Notable quotes:
"... Slight aside, but just a comment on the public understanding of energy issues- I engaged with a senate candidate recently regarding a comment she made at a public debate. She exclaimed that one way the USA should work to contain Putin was to export energy to Europe so they are not hostage to Russian energy supply. I later pointed put to her that she ought to study up on energy some more, since we are big importers of energy. She said she had been hearing that we are approaching independence on energy. I was very surprised by her lack of understanding of this critical issue, since in other respects I found her to be very smart and well studied. Goes to show that people generally hear what they want to hear, or they simply swallow the most convenient truth. And this includes our policy makers, our voters, and ourselves. ..."
"... Look at the second to last slide "Resilience of the three American gas plays (UFDsim)" decline around 15% during the first four years for shale gas. We live in interesting times. ..."
peakoilbarrel.com
Hickory , 06/16/2016 at 9:54 am
Slight aside, but just a comment on the public understanding of energy issues- I engaged with a senate candidate recently regarding a comment she made at a public debate. She exclaimed that one way the USA should work to contain Putin was to export energy to Europe so they are not hostage to Russian energy supply. I later pointed put to her that she ought to study up on energy some more, since we are big importers of energy. She said she had been hearing that we are approaching independence on energy. I was very surprised by her lack of understanding of this critical issue, since in other respects I found her to be very smart and well studied.

Goes to show that people generally hear what they want to hear, or they simply swallow the most convenient truth. And this includes our policy makers, our voters, and ourselves.

[Hi Petro- this also explains my wooden nickel vote, wrong though it may be]

Dennis Coyne , 06/16/2016 at 3:15 pm
Hi Petro,

When 180 new wells per month were being added output was increasing, when new wells added fell the output flattened. New well EUR has been going up in 2014 and 2015, the current wells have been performing better over the first 12 months of output than earlier wells so fewer wells are needed to increase output. With current average wells about 105 new wells per month is enough to increase output.

Dennis Coyne , 06/16/2016 at 10:47 am
Hi Petro,

The EUR of the average well increased from 2013 to 2015, especially over the first 24 months of output, the well profile was adjusted upwards to reflect this (and to get the model to match actual output), it had been running "low" for several months. A steady 150 new wells per month using the 400 kb well profile I had constructed would result in 1300 kb/d.

The well profile could be too high, an alternative scenario uses a 366 kb well profile (which matches pretty well the 12 month increase in output we see with recent wells compared to the 2008 to 2015 average well with EUR of 350 kb). That alternative is up thread. When oil prices go up, financing will be available.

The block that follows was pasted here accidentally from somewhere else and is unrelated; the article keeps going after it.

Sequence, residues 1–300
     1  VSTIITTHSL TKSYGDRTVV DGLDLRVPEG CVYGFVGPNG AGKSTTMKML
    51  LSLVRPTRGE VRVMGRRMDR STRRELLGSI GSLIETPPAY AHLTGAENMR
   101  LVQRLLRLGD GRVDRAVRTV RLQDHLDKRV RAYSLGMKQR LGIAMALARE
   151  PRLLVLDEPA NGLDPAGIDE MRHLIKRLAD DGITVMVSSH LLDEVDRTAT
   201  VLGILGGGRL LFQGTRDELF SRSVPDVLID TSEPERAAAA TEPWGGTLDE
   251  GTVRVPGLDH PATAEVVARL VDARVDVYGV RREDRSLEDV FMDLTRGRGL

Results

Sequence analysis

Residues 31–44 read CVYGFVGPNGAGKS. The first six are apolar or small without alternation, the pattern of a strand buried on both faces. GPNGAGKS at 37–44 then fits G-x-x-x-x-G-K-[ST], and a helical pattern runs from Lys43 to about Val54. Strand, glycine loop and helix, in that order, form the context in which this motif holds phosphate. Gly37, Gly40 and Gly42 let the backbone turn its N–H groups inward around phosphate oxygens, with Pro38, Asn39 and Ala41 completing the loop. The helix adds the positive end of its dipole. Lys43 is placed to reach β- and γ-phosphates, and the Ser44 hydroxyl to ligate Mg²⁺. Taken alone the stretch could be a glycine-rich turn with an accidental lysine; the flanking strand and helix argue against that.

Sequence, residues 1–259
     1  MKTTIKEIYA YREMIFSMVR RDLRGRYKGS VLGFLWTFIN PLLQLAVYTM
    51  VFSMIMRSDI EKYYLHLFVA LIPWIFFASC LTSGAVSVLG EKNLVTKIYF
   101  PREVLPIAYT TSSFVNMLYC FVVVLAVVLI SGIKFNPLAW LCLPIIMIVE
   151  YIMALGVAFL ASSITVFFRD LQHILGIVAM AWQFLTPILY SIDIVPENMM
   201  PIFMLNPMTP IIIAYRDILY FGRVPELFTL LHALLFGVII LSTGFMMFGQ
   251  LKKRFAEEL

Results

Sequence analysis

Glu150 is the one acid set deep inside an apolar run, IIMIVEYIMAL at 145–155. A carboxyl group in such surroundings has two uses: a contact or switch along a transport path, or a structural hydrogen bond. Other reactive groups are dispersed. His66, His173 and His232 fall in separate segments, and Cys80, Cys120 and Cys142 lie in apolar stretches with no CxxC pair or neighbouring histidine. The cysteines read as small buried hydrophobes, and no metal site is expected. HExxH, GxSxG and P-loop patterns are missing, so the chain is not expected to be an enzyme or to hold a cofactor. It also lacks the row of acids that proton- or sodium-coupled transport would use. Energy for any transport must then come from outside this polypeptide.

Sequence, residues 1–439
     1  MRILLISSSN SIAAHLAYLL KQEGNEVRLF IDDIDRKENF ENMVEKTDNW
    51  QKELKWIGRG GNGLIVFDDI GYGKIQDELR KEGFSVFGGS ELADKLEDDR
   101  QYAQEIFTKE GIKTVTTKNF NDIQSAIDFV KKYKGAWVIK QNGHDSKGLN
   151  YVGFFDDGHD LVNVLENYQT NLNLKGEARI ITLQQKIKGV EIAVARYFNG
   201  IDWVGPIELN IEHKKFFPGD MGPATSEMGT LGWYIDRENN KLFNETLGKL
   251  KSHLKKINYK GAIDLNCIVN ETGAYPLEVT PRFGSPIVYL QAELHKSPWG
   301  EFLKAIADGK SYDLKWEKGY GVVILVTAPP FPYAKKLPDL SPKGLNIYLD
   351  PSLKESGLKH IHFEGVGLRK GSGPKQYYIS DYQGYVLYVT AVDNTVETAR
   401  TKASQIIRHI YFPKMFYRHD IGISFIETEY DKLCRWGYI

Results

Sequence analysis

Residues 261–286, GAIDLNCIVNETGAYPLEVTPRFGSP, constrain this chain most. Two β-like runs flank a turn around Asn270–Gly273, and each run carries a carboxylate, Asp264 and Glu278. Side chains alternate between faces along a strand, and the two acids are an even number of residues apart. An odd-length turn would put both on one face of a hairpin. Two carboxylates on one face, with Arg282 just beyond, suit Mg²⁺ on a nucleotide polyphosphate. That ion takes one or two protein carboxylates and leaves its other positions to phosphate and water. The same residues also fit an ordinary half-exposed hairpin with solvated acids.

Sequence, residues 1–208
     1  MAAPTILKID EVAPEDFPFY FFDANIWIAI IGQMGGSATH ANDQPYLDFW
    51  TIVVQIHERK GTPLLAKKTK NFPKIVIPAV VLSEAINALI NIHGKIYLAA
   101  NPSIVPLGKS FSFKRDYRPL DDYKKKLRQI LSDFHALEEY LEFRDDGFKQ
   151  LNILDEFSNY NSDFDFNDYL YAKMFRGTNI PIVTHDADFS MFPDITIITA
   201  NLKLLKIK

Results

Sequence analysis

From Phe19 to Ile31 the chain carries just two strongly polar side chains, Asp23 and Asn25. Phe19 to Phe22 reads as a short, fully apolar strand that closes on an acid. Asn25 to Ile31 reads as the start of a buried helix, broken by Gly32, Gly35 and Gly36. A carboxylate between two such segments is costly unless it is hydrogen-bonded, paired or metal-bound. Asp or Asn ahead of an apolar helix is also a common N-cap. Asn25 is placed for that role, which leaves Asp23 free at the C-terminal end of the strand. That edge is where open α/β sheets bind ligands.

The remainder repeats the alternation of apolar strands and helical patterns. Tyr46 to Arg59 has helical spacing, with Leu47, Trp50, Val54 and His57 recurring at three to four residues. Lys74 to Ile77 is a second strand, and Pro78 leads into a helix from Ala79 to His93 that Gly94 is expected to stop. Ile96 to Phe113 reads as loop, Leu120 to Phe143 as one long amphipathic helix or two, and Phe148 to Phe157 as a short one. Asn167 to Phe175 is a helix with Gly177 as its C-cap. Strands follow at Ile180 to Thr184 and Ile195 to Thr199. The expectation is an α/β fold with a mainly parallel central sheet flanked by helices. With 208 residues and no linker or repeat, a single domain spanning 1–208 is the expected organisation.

Dennis Coyne , 06/16/2016 at 12:00 pm
Hi Petro,

The model is very simple see

http://oilpeakclimate.blogspot.com/2014/06/oil-field-models-decline-rates-and.html

The data one would need to develop the model is in the spreadsheet below:

https://drive.google.com/file/d/0B4nArV09d398VzAydU0zN0VKeTg/view?usp=sharing

In a wider spot below I will explain further.

Dennis Coyne , 06/16/2016 at 3:10 pm
Hi Petro,

The average 12 month completion rate was 177 new wells per month (centered average) in Dec 2014 when ND Bakken/TF output peaked at 1163 kb/d. This was enough to raise output by 300 kb/d from Dec 2013 to Dec 2014, if fewer wells had been completed (for example and average of 150 new wells per month), the rate of increase in output would have been smaller. By July 2015 the centered 12 month average completion rate had fallen to 148 new wells per month, but output had only fallen by 13 kb/d (1150 kb/d).

Only 105 new wells per month after July 2015 would have been enough to keep output rising. A scenario with 105 wells added after 2017 shown below. You won't believe this, but only 105 wells per month are needed to increase output, at least for a time.

Sweet spots run out and EUR falls after mid 2018.

Dennis Coyne , 06/17/2016 at 2:37 pm
Hi Petro,

The difference is simply the number of wells added per month. There is no a priori reason that the number of new wells will be limited to 105 new wells per month, perhaps there will be no financing available, but I doubt this would be a problem for Statoil or Exxon Mobil, they can do this out of cash flow if needed.

I also doubt that oil prices will remain under $80/b long term (more than 5 years). I expect by 2021, oil at $80/b(2016$) will be considered cheap.

George Kaplan , 06/16/2016 at 6:37 am
A different view from a Total engineer, looks to be using proprietary modeling software. Seems to capture the possibility of a fatter tail than the logistic curve does, but has already missed the flat peak area:

http://aspofrance.viabloga.com/files/PCharlez%20_ResilienceNon-conv.pdf

Martin , 06/16/2016 at 9:50 am
Look at the second to last slide "Resilience of the three American gas plays (UFDsim)" decline around 15% during the first four years for shale gas. We live in interesting times.
Verwimp , 06/16/2016 at 2:57 pm
Thanks George.